Researcher Speed Dating

Event hosted by CTSI on Oct. 10 seeks to promote interdisciplinary work

They say two heads are better than one. And these days, research funding is increasingly based on the premise that interdisciplinary science brings about better results, faster. In an effort to help researchers form tomorrow’s dream teams, Tufts Clinical and Translational Science Institute (CTSI) is hosting a networking event on Oct. 10, affectionately called Researcher Speed Dating. The name refers to a type of matchmaking event for people looking for the perfect life partners. Tufts CTSI’s event is designed to help Tufts scientists and clinicians find the perfect research partners.

It’s a scientific truism that important discoveries aren’t usually made by a lone scientist in a lab anymore. So event organizers are looking for researchers who have an idea and want to connect with someone with a specific area of expertise—and vice versa.

The day will kick off in the morning with a seminar, Exploiting the Molecular Signatures of Disease: Case Studies in Bench to Bedside Research, led by Graham Jones, chair and professor of chemistry at Northeastern University, who is also a Tufts CTSI associate director. This portion of the day will be webcast for those unable to attend.

After lunch and an informal chance to mingle, the speed dating will commence. Researchers with potential project ideas will be stationed around the room, while those with particular interests or areas of expertise will walk around in search of a match. To make this work, those interested in attending should pre-register for the event.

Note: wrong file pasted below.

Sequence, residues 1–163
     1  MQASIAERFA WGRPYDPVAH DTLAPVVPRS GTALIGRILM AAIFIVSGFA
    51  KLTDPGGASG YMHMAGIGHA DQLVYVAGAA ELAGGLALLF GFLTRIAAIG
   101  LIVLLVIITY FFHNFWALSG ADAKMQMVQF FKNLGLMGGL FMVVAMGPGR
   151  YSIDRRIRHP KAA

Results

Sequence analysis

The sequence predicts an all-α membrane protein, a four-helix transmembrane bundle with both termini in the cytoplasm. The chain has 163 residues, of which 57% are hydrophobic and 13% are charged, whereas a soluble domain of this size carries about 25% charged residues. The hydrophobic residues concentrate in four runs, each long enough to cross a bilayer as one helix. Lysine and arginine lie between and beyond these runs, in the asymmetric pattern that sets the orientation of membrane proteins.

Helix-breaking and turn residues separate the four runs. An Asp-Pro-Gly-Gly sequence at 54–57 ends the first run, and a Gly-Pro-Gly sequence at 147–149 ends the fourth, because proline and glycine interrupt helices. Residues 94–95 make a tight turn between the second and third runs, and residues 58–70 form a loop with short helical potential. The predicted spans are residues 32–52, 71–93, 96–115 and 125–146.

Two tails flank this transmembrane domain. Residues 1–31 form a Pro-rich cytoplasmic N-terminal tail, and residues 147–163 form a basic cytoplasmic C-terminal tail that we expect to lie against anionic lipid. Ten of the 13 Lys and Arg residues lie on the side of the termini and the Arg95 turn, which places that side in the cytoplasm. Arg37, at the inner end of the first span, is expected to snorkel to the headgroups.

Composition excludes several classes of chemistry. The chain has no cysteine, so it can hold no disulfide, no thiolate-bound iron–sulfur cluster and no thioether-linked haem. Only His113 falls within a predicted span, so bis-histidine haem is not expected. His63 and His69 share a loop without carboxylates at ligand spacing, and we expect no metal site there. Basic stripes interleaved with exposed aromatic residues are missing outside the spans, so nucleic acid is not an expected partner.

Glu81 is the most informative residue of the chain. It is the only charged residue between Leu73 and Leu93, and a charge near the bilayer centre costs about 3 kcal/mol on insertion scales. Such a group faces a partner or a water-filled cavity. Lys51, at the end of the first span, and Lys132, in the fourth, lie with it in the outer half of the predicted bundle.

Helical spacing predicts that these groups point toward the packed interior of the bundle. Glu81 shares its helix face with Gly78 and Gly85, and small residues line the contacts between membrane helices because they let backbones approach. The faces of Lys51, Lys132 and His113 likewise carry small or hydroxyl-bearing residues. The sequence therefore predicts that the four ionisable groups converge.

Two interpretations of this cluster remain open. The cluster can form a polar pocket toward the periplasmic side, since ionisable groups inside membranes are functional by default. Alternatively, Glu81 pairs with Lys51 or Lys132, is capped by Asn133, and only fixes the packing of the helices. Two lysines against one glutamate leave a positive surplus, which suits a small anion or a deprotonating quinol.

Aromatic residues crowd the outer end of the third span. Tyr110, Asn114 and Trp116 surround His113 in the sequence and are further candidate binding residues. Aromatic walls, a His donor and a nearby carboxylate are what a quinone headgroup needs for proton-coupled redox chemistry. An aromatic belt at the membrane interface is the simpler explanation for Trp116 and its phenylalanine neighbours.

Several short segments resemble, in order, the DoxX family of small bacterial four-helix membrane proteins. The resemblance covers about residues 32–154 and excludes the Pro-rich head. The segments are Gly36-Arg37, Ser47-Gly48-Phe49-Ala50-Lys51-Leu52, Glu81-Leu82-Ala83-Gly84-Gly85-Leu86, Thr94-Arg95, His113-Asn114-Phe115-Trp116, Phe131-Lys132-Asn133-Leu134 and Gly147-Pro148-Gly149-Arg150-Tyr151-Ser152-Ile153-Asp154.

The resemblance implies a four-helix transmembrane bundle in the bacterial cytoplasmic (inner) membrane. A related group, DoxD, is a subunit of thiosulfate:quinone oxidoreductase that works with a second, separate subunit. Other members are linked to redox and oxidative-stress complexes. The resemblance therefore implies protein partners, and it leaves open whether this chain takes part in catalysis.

The Researcher Speed Dating event is open to anyone affiliated with Tufts CTSI’s member institutions. In addition to every school in the university, that includes 10 affiliated hospitals, nine community organizations, three academic partners and five industry partners. That’s a total of 39, ranging from Maine Medical Center in Portland to the Boston Chinatown Neighborhood Association to the pharmaceutical company Pfizer.

Established in 2008, Tufts CTSI is one of a network of centers funded by the National Institutes of Health in an effort to promote not only a wide range of cross-disciplinary research, but also community-engaged research, that is, research done in concert with leaders in industry and government as well as with community programs and religious, ethnic and other interested groups.

Researcher Speed Dating, Thursday, Oct. 10; 10:30 a.m.–1 p.m.; Arthur M. Sackler Center for Medical Education, Room 114, 145 Harrison Ave., Boston.

Pre-registration is required. Sign up today at

For more information, email

Jacqueline Mitchell can be reached at  

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